If you haven’t read Part One check it out here before you start!
The inability to walk did eventually force me to stop making my injury worse and seek some help from a physio. Here again I am sure I am not unique in my skepticism of how effective some physio’s are. After a lot of searching I have found a great physio who has really helped me understand how I can improve my injury so if you want any details on what I’m working on or who she is get in touch here.
But my time spent attempting to run through injury did lead me to question my reasons for such apparent self-inflicted pain. Which lead me to my next question:
Why are you still exercising?
To being with I was a little afraid I admitted to myself, that the rest of the running world was improving and advancing without me. And because being a runner had become such a central part of my identity, if the whole world was better than me at the one thing I could do, I was struggling to find a way to like my injured self. (In fact I began to really dislike myself, which just meant the pain from any attempted running was in line with my emotions).
We are also told over and over again things like, ‘No pain no gain’ and I think for a time I was struggling to assess how much pain was too much pain. I don’t ever like to back down and so if someone even suggested they thought I should be able to do it, I would prove I could no matter how much pain I was in. Often this ‘person’ was myself not wanting to admit I was injured, and either way I am responsible for what I do to my body and nobody else.
I also realised I struggle more than I like to admit with body image. I like to pretend I don’t care about my outwards appearance; I have always been a ‘tomboy’, always wanted to play football, be muddy, only wear make up on special occasions.
But running had changed my body and I was unhappy about it changing back. I liked it better when it could do cool things, like run 5km super quick, power up mountains, swim in oceans, cycle round islands. But I also thought other people thought it looked better that way, and so I wanted it to keep looking “fit”.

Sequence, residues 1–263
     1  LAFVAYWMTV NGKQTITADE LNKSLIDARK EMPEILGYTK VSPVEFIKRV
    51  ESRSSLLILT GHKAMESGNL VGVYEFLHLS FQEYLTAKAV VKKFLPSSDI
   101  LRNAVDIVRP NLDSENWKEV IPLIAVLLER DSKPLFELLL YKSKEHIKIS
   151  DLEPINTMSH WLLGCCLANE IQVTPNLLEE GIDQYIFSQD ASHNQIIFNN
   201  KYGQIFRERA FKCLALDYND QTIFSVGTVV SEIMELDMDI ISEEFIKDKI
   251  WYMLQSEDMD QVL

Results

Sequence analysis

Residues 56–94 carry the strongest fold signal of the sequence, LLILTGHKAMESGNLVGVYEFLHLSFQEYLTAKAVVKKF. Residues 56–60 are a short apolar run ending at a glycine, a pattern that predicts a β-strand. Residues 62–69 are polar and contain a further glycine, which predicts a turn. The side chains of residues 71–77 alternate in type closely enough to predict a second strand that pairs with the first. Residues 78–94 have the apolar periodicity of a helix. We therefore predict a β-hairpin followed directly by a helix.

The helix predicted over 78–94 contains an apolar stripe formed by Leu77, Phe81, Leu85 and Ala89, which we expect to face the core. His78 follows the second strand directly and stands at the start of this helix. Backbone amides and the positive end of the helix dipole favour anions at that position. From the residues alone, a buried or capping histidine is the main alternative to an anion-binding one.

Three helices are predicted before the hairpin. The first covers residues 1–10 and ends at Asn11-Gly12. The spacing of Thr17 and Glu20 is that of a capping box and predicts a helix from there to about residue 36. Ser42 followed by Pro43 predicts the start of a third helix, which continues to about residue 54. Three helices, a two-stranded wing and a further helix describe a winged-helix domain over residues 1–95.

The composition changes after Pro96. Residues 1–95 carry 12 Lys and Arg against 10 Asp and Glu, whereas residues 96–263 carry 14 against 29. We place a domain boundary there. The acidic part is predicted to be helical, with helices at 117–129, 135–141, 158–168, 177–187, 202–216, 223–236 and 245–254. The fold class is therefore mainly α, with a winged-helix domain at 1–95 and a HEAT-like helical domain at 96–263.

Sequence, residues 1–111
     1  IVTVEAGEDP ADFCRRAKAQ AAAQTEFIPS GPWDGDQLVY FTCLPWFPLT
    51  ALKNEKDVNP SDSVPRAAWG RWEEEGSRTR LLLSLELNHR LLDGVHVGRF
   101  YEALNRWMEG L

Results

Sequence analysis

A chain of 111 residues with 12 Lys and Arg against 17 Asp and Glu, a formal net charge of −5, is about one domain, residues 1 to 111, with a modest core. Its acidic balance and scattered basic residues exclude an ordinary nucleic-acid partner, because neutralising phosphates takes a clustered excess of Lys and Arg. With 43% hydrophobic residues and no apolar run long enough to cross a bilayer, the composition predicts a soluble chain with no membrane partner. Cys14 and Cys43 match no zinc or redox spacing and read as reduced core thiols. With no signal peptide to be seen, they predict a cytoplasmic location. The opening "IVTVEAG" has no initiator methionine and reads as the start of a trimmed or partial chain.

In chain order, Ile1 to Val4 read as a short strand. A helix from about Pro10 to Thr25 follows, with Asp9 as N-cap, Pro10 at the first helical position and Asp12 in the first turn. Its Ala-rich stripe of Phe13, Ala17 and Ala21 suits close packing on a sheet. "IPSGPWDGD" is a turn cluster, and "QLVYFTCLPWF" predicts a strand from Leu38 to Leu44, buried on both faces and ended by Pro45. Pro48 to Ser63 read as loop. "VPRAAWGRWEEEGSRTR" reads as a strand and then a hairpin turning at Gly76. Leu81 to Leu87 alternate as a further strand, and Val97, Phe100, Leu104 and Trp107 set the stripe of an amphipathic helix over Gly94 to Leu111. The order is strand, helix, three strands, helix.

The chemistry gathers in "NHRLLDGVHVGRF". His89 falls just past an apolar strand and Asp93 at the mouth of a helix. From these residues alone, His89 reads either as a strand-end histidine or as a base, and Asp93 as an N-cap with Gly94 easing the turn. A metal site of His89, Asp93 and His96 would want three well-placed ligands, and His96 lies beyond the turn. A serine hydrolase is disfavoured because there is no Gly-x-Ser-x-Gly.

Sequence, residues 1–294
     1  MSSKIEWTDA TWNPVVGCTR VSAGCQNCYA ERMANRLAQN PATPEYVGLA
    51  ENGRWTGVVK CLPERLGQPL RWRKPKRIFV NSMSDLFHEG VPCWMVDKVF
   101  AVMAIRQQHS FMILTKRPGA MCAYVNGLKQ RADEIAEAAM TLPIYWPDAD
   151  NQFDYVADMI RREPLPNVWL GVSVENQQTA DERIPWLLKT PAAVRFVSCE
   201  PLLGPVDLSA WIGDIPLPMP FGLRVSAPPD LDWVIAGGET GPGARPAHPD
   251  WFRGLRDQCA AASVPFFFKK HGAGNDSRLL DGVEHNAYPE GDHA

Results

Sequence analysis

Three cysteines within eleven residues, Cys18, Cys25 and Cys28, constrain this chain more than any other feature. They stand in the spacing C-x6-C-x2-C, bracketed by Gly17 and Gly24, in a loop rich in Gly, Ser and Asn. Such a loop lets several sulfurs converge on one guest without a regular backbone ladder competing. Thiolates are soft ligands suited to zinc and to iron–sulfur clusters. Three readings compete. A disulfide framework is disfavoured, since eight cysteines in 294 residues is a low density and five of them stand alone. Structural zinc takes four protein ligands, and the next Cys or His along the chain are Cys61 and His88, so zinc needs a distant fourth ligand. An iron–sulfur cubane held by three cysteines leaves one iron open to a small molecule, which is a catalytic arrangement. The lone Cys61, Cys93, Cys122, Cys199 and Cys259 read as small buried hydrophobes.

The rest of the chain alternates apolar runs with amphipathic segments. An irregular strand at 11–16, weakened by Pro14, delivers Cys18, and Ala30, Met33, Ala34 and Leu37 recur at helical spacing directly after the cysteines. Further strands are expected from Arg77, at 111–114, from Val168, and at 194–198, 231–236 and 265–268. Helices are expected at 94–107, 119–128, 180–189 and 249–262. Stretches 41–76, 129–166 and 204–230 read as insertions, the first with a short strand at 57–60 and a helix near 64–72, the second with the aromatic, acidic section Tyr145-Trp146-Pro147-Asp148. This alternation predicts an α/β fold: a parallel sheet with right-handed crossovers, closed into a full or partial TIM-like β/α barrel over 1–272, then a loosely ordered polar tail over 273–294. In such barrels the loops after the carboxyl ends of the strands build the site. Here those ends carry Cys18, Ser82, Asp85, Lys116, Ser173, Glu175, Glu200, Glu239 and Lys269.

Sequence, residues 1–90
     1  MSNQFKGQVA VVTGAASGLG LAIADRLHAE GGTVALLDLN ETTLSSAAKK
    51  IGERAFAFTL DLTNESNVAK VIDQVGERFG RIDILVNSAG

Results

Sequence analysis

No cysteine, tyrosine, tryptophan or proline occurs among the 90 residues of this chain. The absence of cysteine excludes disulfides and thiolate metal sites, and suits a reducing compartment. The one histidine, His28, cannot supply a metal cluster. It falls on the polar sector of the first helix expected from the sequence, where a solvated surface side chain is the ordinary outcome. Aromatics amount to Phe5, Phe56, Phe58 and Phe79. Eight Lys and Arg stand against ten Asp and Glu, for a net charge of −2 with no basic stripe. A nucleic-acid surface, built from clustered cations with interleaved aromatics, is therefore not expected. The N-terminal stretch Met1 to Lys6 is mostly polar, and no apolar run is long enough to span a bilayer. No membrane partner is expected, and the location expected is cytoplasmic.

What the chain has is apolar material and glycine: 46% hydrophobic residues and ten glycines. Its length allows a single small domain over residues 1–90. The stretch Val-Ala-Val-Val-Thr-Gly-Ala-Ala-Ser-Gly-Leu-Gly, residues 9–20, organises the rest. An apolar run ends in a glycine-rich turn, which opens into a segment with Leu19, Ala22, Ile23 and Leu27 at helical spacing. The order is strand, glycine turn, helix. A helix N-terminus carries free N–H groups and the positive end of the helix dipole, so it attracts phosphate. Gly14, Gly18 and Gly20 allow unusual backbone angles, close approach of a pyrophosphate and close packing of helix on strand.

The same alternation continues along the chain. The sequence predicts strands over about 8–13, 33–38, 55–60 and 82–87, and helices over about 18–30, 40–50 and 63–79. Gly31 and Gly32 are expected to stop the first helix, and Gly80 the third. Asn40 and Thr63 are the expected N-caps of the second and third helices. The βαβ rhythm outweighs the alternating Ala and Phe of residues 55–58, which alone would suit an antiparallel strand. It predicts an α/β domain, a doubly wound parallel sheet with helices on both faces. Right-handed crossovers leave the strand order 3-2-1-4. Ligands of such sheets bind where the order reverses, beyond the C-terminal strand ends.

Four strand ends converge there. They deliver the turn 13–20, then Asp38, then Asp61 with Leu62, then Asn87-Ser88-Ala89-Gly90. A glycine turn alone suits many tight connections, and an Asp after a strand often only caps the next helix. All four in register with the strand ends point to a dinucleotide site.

I like to stay “actually fit” because I never want to feel imprisoned in my body, I never want to say no to any adventure because I am not physically capable. But my attempt to stay looking “fit” by trying to exercise through injury meant I was trapped in a body that at times could hardly walk.
So I came to the grand conclusion that looking good and actually being fit were incompatible at this exact life point for me, and that actually being fit and able again was more important to me. (So I am currently resting/going a little insane, but I have good friends who try and keep me occupied).
I also want reassure you all that the reasons people exercise are personal and I don’t hold any judgment over what is right or wrong! All exercise potentially makes you a little more healthy and happy, so if you love to do crunches and look like a bikini model then that really is great!! If you are doing them because you feel you ‘have to’ though and not because they are something you enjoy, want to be good at, or help in a sport you do enjoy. Then maybe stop and think about who you are exercising for?
Anyyyywayyyyy…. Enough of these ramblings, the point I am really trying to make about being injured is that it can give you a chance to pause and re-evaluate, both mentally and also physically. And it turns out as well as a few mental issues; I probably hadn’t been training right before I got injured.
If you are injured right now I would really recommend stopping for a second to consider why this thing has happened to you.
As a runner have learnt a lot about the importance of strength training, and yoga has really helped me, it is non-competitive, and really does feel like a healthy thing for my body and even my mind (for all you, like me, who are initially very skeptical of meditation and the like)
(One yoga-youtuber I love to follow is Adriene so be sure to check her out!)
If you are injured the chances are there is a reason for it. Overtraining seems to be an umbrella term to me for a multitude of sins to do with not training in the correct way. Cross training, strength training, and classes at the gym such as yoga and pilates are great ways to keep active, but can also help with injury prevention if you substitute them into your routine.
Also I know it has been said before but sometimes it is beneficial to listen to your body. It is possible it is genuinely in a lot of pain and not you being lazy. The cleverer and better thing to do in terms of real fitness is often to miss a few sessions. Far better that than miss a season.